Oldest Old Lady Names: Next Year's Vintage Favorites?
Old lady names like Leila, Violet and Ella are back among celebrities as well as the rest of us. On the other hand, Delma and Bernice are likely to remain unusual. Between the two extremes lie a bunch of once-popular names that haven't been on the charts in decades, but could be again soon. In this final installment of our oldest old lady names series, we offer five picks for vintage names worth reviving. These names, from living US supercentenarians and the recently deceased, haven't yet broken back into the top 1,000 in the US, but have been tapped by celebrities and the namiscenti. Are they vintage favorites of the future?
Among name enthusiasts, Nevaeh gets a bad rap. This name -- Heaven backwards -- first appeared on the charts in 2001, and has since risen to #34, which horrifies traditionalists who prefer names with long roots. But is there perhaps a more traditional name at the heart of the Nevaeh phenomenon?
Neva, a name that peaked in 1893 at 246 and enjoyed a long popularity, is the name of Neva Morris, born in 1895 (pictured here in her 1914 wedding portrait). Until she died at age 114 in April of this year, she was the oldest living person in the United States.
No Neva in our database, but singer Nelly Furtado named her daughter Nevis. There's a great Namipedia entry on Neva. It's a thinky name with a sound that the culture clearly likes, and a "real" name for Nevaeh.
Florence peaked in the 1890s at #7. Like Neva, it's got the first half of the classic half pipe formation of names like Ella and Leila that peaked in the 1890s, fell away, then re-entered the charts and rose fast. Florence is already popular internationally (#2 in Canada, Quebec and rising in Scotland), and nicknames include Flora, Florrie, and Flossie. Toni Collete chose Florence as the middle name for her daughter Sage Florence.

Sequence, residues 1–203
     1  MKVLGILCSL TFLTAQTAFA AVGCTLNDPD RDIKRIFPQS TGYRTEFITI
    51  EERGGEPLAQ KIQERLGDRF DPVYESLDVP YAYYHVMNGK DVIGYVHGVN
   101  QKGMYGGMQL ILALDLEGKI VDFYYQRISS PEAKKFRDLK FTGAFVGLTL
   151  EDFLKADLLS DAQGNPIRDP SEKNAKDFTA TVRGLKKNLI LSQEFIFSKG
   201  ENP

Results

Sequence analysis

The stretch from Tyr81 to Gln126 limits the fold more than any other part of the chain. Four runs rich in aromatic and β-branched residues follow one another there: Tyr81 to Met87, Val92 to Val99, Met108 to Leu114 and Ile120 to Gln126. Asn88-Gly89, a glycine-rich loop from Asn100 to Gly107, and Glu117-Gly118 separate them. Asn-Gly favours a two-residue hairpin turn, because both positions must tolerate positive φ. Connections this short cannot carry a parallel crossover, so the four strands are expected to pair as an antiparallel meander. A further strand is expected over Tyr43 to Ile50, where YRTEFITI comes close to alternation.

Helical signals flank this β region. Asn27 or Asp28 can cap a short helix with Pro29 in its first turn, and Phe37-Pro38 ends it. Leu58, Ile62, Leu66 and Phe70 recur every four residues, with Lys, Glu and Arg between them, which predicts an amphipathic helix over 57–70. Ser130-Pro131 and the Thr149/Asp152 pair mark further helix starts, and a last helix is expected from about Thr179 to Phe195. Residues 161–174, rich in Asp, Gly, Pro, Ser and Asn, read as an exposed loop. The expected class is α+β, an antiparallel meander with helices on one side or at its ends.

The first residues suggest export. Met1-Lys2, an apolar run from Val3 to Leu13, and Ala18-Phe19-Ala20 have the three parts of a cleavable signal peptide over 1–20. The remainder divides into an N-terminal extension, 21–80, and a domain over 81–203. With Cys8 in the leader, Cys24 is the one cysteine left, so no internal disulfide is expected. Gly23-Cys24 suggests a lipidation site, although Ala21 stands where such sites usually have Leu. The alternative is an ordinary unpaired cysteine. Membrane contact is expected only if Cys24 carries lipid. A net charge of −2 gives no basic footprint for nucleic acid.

Louisa peaked in the 1880s at #151, and may bring to mind Louisa May Alcott, whose Little Women is still much read and loved. (Not to mention the big-name movie from 1994) Meryl Streep -- and more on her vintage name mojo in a minute -- named her daughter Louisa. Recently Leelee Sobieski chose Louisanna, while Heidi Klum and Seal went with Lou. Sandra Bullock chose the male form, Louis. Where celebs go, will the rest of us follow?
A name that peaked in the 1890s at #39, Agnes has terrific international variations (Inez), and has been seen lately on supermodel Agyness Deyn. Commenters on the Name Lady's column on Agnes (called "My Mom Hates My Baby Name!") were divided between passionate love and passionate hate for the name, but we think it belongs in the so-clunky-it-works category. Actress Elisabeth Shue -- she of The Karate Kid and Adventures in Babysitting -- named her daughter Agnes.
The terrific Meryl Streep has a daughter named Mamie Willa, to go with sister Louisa Jacobson. Their older brother and sister are Grace and Henry -- vintage names that have increased dramatically in popularity since Meryl Streep first used them. Dozens of celebrities children are now named Henry and Grace. If Streep thinks Mamie's worth reviving, we believe her. Just like Ella, Leila, Neva, Florence, Agnes and Louisa, Mamie peaked in the 1890s (at #57). Mamie Eisenhower was born in 1896, by the way.
Rate our choices: which of these vintage names do you think we'll see the most of on birth certificates in the future? Why?